The emotion most strongly associated with procrastination is guilt.

According to the existential psychologist Rollo May, guilt does not result from violating a generally accepted moral code; it results from not approaching or striving towards our full potential.

Our feelings of guilt when we procrastinate are not specific to the task we're avoiding, although we like to think it's just that awful task.

The guilt we feel about chronic procrastination is the result of not living up to our potential, not authentically engaging in our own lives.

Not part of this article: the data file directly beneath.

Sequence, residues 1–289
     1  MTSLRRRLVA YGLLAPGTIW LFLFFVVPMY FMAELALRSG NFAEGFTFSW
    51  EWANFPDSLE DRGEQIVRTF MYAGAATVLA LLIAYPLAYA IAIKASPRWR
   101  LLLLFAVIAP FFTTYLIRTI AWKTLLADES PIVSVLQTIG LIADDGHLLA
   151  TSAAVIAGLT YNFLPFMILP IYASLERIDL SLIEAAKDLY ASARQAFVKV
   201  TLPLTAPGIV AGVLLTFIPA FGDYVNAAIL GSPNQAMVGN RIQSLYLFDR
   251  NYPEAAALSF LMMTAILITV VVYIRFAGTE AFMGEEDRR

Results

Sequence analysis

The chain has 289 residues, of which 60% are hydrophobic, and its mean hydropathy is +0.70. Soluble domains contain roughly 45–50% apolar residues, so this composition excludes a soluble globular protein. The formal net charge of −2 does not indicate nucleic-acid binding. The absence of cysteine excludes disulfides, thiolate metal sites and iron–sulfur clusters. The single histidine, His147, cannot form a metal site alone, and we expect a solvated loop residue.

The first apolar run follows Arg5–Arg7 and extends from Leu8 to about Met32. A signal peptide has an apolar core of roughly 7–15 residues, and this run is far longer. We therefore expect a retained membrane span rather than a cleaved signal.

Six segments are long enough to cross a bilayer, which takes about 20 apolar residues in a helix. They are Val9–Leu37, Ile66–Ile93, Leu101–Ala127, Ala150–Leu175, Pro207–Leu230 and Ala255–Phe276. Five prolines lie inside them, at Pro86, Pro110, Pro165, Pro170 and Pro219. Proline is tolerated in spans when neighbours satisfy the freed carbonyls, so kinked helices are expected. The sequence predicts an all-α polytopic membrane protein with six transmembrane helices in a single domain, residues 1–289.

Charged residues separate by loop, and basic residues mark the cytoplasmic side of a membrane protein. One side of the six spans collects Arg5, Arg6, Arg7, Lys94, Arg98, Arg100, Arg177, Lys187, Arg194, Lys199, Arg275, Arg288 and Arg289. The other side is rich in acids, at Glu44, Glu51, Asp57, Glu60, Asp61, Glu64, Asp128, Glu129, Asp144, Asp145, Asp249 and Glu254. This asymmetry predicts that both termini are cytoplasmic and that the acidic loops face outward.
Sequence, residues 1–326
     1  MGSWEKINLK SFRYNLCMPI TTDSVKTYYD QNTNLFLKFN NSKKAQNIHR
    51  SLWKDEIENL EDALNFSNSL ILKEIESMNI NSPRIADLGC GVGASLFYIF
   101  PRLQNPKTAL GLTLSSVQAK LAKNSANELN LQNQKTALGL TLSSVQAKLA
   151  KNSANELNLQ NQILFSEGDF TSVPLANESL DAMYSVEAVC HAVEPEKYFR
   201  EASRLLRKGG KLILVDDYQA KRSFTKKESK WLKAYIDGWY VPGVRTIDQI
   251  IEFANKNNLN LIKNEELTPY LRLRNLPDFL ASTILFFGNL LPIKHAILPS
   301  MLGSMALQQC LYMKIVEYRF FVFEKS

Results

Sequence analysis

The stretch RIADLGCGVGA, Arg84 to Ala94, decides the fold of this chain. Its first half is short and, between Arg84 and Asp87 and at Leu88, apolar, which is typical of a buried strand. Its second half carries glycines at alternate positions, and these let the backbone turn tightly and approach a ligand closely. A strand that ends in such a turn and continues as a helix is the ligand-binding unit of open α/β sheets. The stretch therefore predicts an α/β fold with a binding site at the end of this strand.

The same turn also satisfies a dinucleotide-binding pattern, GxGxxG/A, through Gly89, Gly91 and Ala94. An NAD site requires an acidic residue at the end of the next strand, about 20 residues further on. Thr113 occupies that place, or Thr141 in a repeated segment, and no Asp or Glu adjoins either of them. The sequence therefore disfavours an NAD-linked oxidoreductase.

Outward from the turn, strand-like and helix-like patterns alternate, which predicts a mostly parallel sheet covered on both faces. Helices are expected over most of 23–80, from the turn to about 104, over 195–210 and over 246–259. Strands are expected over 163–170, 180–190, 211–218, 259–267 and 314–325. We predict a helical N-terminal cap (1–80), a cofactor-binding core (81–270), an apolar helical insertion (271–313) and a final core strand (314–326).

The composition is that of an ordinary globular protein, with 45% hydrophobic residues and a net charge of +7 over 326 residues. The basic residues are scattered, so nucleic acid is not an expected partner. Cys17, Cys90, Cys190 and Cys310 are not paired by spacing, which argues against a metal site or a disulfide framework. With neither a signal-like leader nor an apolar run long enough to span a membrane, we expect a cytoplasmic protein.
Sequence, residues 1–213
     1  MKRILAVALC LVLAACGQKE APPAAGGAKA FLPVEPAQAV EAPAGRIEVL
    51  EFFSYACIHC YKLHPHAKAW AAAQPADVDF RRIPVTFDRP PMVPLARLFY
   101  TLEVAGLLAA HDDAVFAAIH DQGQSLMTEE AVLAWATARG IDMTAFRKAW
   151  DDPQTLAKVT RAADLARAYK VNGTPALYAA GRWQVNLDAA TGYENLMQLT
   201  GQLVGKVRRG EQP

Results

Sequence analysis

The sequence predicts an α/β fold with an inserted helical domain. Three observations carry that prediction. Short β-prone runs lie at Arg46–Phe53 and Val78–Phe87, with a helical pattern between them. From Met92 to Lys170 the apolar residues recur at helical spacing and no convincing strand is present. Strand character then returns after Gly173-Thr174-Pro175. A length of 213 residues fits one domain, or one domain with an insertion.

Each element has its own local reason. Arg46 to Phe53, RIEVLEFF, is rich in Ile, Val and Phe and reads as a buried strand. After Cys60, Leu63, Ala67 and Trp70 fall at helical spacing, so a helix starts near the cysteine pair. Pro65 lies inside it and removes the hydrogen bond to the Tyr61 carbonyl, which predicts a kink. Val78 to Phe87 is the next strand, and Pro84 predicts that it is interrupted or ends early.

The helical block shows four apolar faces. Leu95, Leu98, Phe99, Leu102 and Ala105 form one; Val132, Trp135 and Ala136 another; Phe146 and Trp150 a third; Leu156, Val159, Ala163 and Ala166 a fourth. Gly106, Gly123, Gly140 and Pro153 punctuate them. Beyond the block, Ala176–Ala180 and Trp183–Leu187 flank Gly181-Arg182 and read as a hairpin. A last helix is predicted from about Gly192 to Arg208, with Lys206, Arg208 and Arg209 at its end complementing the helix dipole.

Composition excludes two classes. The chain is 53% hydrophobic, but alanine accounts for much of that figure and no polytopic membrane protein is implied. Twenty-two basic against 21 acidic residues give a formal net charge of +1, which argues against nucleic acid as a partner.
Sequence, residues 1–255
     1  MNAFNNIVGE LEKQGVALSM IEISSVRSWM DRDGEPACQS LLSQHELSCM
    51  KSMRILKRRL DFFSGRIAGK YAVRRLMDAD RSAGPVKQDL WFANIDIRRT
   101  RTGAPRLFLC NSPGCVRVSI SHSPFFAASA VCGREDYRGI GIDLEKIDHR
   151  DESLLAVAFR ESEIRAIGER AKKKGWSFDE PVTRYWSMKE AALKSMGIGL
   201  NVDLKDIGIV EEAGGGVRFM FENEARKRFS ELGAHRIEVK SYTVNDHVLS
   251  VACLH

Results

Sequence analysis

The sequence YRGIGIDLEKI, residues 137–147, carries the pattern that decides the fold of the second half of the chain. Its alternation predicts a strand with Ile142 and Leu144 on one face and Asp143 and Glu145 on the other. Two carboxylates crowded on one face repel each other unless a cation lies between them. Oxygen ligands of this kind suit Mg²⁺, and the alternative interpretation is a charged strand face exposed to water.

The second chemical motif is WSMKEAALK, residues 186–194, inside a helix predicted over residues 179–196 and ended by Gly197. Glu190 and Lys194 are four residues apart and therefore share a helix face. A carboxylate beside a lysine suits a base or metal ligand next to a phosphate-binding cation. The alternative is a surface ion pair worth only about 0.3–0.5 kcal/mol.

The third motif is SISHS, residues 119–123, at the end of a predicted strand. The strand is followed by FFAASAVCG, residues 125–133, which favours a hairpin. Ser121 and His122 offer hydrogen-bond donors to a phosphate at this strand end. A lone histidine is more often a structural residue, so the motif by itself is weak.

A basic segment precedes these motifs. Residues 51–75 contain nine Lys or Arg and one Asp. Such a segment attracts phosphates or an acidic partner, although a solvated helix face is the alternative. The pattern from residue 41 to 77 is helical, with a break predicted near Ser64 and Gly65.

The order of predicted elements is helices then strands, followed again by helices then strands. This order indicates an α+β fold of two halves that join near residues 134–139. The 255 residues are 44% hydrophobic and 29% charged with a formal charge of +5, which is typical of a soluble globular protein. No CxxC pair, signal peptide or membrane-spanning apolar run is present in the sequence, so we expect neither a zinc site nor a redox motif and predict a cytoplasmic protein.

Guilt arises from the fact that I can see myself as the one who can choose or fail to choose.

It takes courage to choose the moment and to act, as it means facing our anxiety and moving forward in spite of these feelings.

"I'll feel more like it tomorrow" - no you won't. You may do it tomorrow because you think that there is little choice left now, but this will diminish your very self. You're no longer acting out of choice with a sense of ownership of your life, but because you feel there is no choice.

This is the problem of chronic procrastination.

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